With its origins in the Workers’ Music Association, through the mid-20th century folk revival to the present day, Topic Records has established itself as not only the pre-eminent British folk music label, but one widely respected throughout the world. Topic has survived, grown and flourished – proof, if any were needed, that “grass roots” interest in traditional music, the artists and the label itself, has remained constant and strong. Topic has released some of the most influential folk recordings of modern times by a host of revered artists, from Anne Briggs to Peggy Seeger to June Tabor to Ewan MacColl and many, many more.

For 80 years, Topic Records has been a fervent and consistent champion of “the people’s music”. During that time, it has withstood wars, shortages, austerity, economic disaster, the vagaries of fashion, corporate onslaught and various cataclysmic shifts in the fortunes of the recording industry, to retain its proud and distinctively individual role as a beacon of integrity and true values. This fortitude has resulted in its unquestionable claim for being the oldest, surviving truly independent record label in the world.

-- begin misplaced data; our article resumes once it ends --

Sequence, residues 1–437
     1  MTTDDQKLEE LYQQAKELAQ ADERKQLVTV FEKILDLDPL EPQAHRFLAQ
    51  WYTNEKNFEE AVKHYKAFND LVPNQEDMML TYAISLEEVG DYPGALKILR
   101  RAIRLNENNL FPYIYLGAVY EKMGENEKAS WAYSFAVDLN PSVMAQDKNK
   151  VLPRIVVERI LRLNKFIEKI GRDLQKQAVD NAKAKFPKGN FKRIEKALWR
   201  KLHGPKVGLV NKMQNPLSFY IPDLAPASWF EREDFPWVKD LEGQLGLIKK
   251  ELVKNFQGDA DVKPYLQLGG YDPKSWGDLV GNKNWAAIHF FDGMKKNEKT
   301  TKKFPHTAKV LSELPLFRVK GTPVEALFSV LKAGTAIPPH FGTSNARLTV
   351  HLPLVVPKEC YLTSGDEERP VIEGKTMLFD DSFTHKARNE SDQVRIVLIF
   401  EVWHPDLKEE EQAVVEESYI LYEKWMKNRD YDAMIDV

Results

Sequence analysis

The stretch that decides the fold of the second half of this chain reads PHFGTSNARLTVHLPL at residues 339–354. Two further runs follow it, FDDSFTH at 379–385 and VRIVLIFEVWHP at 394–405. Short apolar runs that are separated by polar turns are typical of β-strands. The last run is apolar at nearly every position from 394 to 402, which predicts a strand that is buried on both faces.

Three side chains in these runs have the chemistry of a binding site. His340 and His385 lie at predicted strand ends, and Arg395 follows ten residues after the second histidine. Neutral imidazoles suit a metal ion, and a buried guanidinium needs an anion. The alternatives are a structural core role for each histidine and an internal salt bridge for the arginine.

“Folk music never goes away. You may not hear it, but it is always there, just over your cultural horizon. It lives in families, in communities, in the villages and towns and cities, and in the hearts of the people. Each generation takes what it needs and gives what it can to the tradition, each wave of newcomers turning another furrow, sowing new seeds. For eighty years, Topic Records has played a major role in this process, ensuring the old voices are still audible and creating a space for those that hear them to make new recordings of their own. Formats come and go, but like the music, Topic endures. Long may it do so.” – Billy Bragg

This 20-track double album comes in CD and vinyl gatefold formats, both housed in a special deluxe, debossed, silver foil-blocked sleeve. The vinyl issue is limited to 1000 copies only. A digital version of the album is also available.

Vision & Revision: The First 80 Years of Topic Records will be released on May 31st 2019.

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More acts announced for Towersey 2019

Towersey Festival 2019